9 9 The Up side: Capabilities Enhance Development Skills/knowledge Dimension: - Excellence in the dominant discipline. - Pervasive technical literacy. Technical Systems Dimension: - Systems, procedures and tools left behind by talented individuals embodying many of their skills in a readily accessible form. - Can be leveraged by project managers to create competitive advantage. Managerial Systems Dimension: - Unusual blends of skills and beneficial behaviors not observed in competitive firms. - Incentive systems encouraging innovative activities and unusual educational systems. Values Dimension: - Empowerment of project members. - High status for the dominant discipline.

10 10 The Down side: Core Rigidities Inhibit Development Project failures caused due to gap between current environmental requirements and core capabilities of corporation. Values, skills, managerial and technical systems that were useful in the past may be inappropriate sets of knowledge now or core rigidities. Core rigidities are the flip side of core capabilities. They are not neutral – these deeply embedded knowledge sets actively create problems. More problematic for projects that are deliberately designed to create new, non traditional capabilities. Can also affect all projects – even those that are reasonably congruent with current core capabilities.

11 11 The Down side: Core Rigidities Inhibit Development Skills and Knowledge Dimension: - Less strength in non-dominant disciplines. - Less attractive for top people here. Technical Systems Dimension: - Skills and processes captured in software & hardware can be outdated. - New product designers do not always know how many such systems they are affecting. Management Systems Dimension: - Intractability in career path. - Reluctance of skilled people to take undervalued project tasks. Values Dimension: - Empowerment as entitlement. - Lower status for non-dominant disciplines.

12 12 The Interaction of Projects with Rigidities Severity of Paradox depends on: - Number of dimensions comprising core rigidity. - Type of dimensions comprising core rigidity. The four dimensions vary in ease of change. From technical to managerial systems, skills and then values, the dimensions are increasingly less tangible, less visible and less explicitly codified. Technical systems – Relatively easy to alter. Managerial Systems – Usually have greater organizational scope, reach more subunits and hence require acceptance from more people. Skills and Knowledge content – Even less amenable to change as skills are built over time and many remain tacit. Value – least susceptible to change. Values are most closely bound to culture and culture is very difficult to alter in the short term, if at all.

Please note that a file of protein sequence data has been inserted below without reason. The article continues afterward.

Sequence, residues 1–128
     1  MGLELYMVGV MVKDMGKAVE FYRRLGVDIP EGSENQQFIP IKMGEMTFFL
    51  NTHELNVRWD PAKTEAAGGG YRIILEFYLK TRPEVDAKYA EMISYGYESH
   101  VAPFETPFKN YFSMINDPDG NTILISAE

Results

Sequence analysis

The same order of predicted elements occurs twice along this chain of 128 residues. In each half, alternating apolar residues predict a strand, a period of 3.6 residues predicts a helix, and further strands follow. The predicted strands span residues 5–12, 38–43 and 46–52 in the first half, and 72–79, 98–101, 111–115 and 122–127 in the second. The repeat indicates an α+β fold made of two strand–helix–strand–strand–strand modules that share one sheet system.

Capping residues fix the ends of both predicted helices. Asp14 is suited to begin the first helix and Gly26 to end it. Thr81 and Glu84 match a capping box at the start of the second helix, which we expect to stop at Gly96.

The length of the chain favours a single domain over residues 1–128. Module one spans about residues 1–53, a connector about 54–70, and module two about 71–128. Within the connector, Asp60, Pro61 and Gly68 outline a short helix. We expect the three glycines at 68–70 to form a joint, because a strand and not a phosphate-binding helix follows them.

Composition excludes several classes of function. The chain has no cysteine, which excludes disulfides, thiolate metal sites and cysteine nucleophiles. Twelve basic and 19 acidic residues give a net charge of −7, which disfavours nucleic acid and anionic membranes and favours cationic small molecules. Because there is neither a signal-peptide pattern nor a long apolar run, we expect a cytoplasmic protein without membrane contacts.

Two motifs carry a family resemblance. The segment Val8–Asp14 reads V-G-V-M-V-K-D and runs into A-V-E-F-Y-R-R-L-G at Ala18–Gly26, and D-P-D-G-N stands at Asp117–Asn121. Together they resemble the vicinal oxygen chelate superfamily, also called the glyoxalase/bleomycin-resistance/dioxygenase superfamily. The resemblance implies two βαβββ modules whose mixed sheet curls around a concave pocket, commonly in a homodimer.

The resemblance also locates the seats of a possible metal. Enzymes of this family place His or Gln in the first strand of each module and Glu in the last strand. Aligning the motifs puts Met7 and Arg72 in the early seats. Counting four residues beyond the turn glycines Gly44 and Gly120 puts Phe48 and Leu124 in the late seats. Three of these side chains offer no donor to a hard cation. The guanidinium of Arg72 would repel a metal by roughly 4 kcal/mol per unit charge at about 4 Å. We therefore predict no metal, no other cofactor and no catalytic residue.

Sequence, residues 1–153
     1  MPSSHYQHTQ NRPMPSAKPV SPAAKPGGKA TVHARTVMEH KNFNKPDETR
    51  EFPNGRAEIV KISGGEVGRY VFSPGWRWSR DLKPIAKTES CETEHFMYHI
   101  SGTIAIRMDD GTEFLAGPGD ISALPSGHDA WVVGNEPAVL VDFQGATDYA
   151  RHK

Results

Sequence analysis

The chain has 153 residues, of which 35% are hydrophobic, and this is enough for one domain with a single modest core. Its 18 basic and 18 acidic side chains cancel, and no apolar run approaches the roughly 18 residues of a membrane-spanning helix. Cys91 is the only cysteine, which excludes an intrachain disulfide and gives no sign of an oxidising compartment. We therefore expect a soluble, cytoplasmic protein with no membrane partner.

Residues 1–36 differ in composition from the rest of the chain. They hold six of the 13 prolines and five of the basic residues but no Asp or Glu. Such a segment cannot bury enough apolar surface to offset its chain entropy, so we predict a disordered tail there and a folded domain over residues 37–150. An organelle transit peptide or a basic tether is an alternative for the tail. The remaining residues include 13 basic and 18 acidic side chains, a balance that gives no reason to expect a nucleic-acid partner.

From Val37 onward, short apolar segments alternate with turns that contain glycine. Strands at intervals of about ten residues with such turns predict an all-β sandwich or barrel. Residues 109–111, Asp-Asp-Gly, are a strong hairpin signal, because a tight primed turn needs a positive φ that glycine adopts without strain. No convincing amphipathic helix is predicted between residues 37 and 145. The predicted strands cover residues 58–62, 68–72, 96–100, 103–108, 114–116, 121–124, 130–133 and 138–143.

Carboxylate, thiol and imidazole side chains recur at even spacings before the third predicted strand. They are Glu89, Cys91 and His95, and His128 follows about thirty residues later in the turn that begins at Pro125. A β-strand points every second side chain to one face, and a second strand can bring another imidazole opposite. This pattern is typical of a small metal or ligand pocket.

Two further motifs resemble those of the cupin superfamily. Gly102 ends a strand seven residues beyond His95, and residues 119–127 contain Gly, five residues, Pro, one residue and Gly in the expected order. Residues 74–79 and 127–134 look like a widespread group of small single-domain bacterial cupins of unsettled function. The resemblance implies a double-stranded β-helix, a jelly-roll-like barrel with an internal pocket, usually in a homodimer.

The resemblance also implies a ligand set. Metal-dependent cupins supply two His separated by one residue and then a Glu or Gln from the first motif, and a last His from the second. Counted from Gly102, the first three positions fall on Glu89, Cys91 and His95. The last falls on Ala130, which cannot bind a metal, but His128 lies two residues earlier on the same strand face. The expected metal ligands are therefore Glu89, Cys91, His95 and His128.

13 13 Effect of paradox on projects Managers handled the paradox in one of the following four ways. Abandonment of the project. Recidivism – Return to core capabilities. Reorientation. Isolation from the typical projects.

14 14 Effect of paradox on core capabilities Capabilities are not usually dramatically altered by a single project. But projects can pave the way for organizational change by highlighting core rigidities and introducing new capabilities. Can break the lower status of a discipline and benefit the project and corporation. Projects which are small departures from tradition in organizations provide a foundation in experience to inspire eventual large changes. These changes can be precipitated by the introduction of new capabilities along any of the four dimensions. However for a capability to become core, all four dimensions must be addressed. The multidimensional nature of core capabilities must be fully appreciated to fully implement a change.

15 15 Conclusions Core capabilities can enable as well as hinder innovation. Technology based organizations have no choice but to challenge their current paradigms. Due to the swift moving environment, the old fit must be continuously disturbed. The time to search out and develop a new core resource is when the current core is doing well.

16 16 Conclusions Development projects provide opportunities for creating the requisite variety for innovation. Having multiple frameworks available is probably the single most powerful attribute of self renewing organizations. Project managers who constructively discredit the systems, skills or values traditionally revered by companies may cause a complete redefinition of core capabilities or initiate new ones. They can consciously manage projects for continuous organizational renewal.